This dissertation offers a comparative study of speech melodies of Hawaiian and Hawaiʻi Creole English (HCE), two languages spoken in the Hawaiian Islands. HCE, which is an English lexified creole, developed from many languages such as Chinese, Portuguese, and Hawaiian. This research proposes that Hawaiian intonation patterns remained even after relexification from a Hawaiian based pidgin to an English lexified creole. This comparative study of speech melodies of Hawaiian and HCE provides documentation of falling yes/no question intonation found in both languages, as well as for other utterance types, i.e. statements, wh-questions, and listing/continuation. Patterns emerged from the major utterance types revealing insights into creole genesis from substrate influence, and language universals and variation.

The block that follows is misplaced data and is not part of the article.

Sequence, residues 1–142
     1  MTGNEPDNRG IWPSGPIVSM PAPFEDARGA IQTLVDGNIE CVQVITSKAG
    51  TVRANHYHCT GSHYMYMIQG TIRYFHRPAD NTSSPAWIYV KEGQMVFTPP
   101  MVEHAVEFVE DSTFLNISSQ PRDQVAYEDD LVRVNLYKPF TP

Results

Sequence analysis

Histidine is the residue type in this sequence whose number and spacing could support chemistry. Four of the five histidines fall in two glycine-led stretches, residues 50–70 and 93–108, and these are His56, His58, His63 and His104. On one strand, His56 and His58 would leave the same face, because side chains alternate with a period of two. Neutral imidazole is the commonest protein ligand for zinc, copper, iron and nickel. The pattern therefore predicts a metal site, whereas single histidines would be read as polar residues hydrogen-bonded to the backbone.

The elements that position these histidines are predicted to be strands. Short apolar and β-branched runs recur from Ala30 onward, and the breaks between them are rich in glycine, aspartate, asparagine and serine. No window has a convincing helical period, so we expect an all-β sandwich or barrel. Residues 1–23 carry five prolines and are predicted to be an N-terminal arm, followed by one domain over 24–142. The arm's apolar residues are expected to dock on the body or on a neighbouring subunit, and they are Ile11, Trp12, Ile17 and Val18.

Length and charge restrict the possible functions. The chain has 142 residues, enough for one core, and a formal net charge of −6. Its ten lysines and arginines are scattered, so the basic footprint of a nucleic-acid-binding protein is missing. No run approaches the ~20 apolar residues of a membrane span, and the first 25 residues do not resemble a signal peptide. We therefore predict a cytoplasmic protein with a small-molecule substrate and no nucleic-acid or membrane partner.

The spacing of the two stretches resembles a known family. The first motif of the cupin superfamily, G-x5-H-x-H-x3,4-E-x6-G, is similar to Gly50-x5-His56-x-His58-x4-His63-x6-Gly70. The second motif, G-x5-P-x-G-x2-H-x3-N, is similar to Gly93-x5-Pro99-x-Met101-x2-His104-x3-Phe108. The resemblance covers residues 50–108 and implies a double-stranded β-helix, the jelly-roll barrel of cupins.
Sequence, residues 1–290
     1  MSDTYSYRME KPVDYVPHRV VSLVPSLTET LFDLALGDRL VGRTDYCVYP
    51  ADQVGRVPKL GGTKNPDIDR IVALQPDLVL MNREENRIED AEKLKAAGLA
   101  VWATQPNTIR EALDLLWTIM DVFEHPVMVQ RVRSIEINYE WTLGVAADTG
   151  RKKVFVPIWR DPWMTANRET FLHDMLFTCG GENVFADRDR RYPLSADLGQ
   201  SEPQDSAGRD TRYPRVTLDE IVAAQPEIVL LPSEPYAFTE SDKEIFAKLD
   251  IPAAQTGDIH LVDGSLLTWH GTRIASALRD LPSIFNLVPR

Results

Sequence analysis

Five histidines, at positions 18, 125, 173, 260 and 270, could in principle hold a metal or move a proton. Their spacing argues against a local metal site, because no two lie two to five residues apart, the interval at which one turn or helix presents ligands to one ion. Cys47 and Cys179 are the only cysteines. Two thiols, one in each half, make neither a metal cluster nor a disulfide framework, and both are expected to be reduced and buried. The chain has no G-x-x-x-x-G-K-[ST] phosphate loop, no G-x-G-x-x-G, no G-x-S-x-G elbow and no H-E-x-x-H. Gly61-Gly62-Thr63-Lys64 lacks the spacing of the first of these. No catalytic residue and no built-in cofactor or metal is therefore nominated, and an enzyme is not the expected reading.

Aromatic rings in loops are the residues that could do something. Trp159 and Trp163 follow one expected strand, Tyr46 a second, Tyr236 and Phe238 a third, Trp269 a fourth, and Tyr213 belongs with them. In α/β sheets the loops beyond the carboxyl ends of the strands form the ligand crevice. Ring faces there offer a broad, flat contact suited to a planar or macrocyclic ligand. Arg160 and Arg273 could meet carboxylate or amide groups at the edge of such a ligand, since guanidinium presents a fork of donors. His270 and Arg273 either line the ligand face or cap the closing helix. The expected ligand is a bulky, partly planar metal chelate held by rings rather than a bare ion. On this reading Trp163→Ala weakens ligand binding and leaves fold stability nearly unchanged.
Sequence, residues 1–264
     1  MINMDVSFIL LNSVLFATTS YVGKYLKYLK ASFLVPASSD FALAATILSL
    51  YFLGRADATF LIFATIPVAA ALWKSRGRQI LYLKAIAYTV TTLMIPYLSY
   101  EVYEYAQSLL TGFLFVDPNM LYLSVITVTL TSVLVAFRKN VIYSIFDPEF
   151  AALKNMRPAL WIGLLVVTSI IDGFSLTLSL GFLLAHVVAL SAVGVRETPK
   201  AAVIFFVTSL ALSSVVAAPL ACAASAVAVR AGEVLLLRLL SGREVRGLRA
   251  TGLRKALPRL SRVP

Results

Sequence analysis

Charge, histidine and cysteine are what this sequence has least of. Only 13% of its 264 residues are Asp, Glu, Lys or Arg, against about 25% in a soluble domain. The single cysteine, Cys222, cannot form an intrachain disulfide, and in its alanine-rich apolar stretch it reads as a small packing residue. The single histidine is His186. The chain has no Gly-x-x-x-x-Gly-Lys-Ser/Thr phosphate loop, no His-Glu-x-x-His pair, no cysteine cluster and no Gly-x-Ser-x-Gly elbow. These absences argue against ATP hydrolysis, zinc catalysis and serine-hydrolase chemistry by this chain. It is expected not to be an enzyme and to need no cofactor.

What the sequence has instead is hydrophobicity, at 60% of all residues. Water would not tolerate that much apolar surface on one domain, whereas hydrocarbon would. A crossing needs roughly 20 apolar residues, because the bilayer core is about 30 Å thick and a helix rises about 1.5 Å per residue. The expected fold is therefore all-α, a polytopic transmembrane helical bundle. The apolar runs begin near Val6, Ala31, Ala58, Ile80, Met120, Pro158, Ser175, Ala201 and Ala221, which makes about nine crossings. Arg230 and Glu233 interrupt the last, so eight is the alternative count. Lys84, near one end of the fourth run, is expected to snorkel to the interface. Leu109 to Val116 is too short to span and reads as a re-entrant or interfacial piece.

Of the utterance types examined, the most striking example is that of falling yes/no question intonation, present in both languages. This type of falling intonation is quite rare amongst the world’s languages, which strengthens the hypothesis I claim, that HCE received intonation patterns from Hawaiian. These findings also have implications for creole genesis as well as for language typology research for question intonation as well as universals and sociolinguistics. With regard to creole genesis, the evidence provided supporting Hawaiian as a contributing language strengthens substrate arguments and weakens a universalist view, specifically that of the Language Bioprogram Hypothesis (LBH). Also, the results show a typology of question intonation that makes use of a more latitudinal categorical distinction rather than the commonly used right-edge question intonation, which changes the perspective on language universals and variation, as well as biological codes. This dissertation also addresses language identity and how these two languages interact in the same linguistic landscape in Hawaiʻi . While providing a much-needed inventory of intonation for all utterance types in Hawaiian and HCE, this research project also addresses broader questions and linguistic topics such as creole genesis, language typology, universals, and sociolinguistics.